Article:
Jim Niedermeier, Principal
The most critical skill for kids in school to learn is information literacy. I know what you’re thinking: What about math? What about reading? What about social studies? What about science?! Hold your horses! Sure, these disciplines are critical, but without the ability to differentiate between good information and bad information, you can’t even begin to study them. For example, when I was a kid we used a textbook in school that told me that Christopher Columbus discovered America. I learned this because I had no ability to question the source. Years later, it turned out that it didn’t matter that I had learned this “fact” because it wasn’t true. Not only were people in North America long before Columbus and his merry band of slightly genocidal sailors got here, he didn’t even land in America–he, like many less genocidal tourists after him, stuck to the Caribbean. In hindsight, there were all sorts of tells that the textbook was lying to me. For instance, there was a picture of Columbus with some native North Americans at the beginning of the chapter. At the time, though, I trusted folks around me to be vetting that kind of thing. Unfortunately, that trust was built on their trust of their teachers and so on–it was a card house ready to collapse.
When we got better information, we tossed out those old textbooks and bought allegedly better ones. This is really too bad because those old and incorrect textbooks really would have made great tools to use to become more information literate. Fortunately, there is no shortage of examples in the media to use to analyze information. Much to the constant annoyance of my kids, I’m really fond of pointing out logical fallacies in the media. Today, you can’t swing a dead cat near a newspaper without hitting one of them. We all have to get better at analyzing the stuff we see and read–our brains need to be as quick as those squirrels in the newer Willy Wonka movie at filtering out good from bad.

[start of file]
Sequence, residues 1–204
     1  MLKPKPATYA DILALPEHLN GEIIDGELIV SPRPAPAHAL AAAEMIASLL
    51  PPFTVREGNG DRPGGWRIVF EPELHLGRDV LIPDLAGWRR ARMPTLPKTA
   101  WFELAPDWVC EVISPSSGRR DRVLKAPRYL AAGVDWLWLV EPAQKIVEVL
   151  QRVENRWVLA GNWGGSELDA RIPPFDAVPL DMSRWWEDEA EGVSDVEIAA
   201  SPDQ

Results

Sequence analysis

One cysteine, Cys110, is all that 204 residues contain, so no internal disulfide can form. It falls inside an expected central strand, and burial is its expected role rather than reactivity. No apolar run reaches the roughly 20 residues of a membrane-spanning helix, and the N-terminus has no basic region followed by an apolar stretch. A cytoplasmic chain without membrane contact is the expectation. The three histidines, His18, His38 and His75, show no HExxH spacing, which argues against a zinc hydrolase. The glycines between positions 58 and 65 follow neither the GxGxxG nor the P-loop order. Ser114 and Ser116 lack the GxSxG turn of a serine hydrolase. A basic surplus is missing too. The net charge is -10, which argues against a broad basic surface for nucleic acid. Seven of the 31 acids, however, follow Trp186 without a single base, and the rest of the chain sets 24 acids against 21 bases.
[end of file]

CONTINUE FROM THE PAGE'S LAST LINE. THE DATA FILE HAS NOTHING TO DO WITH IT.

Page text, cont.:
To start this learning, here are my top five phrases to look for if you want to tell that someone is probably lying to you. If you want to learn more about logical fallacies or teach them to your students, there is a wealth of resources out there including this video series on YouTube.
- “That would be a slippery slope.” You hear this all the time: We can’t allow students to wear hats in school because it will be a slippery slope that leads to the school becoming Mad Max: Fury Road. You just can’t say that one thing will happen because of something else. No matter how much sense it might make to you. In fact, “Slippery slope” is actually a well known name for this type of logical fallacy.
- “Because I said so.” Yeah, I say it to my kids, too, but that doesn’t mean that I’m right. When you use your position as a substitute for authority, you’re definitely on shaky ground. As I can attest, just being in a position of authority doesn’t necessarily mean that you’re right about everything! I’m wrong several dozen times a minute.
- “You’re either with me or against me.” While it would be great if life was black and white, it just isn’t. Most things lie someplace in the middle. Our current political dynamic makes this particular fallacy common. I would guess that without political labels, people would have a spectrum of beliefs that don’t place them solidly in one camp or the other.
- “This statistics proves…” I hate to break it to you, but if 100 dentists support a toothbrush, it doesn’t mean that toothbrush is the best one out there. Statistics don’t prove anything. The best you can say is that they indicate a possible relationship. Simply learning that correlation does not equal causation will save you a boatload in grad school loans.
- “Mistakes were made.” To be non-partisan, I’ll give two examples from this great article. After the US mistakenly bombed a Chinese embassy in Belgrade, President Clinton said, “A series of very bad mistakes were made, and a tragic accident occurred.” When PResident Regan attempted to apologize for the Iran-Contra scandal, he said, “We did not achieve what we wished, and serious mistakes were made in trying to do so.” We use the passive voice a lot to avoid taking responsibility. “My homework didn’t get done” seems a lot different than “I didn’t do my homework,” though it amounts to the same thing.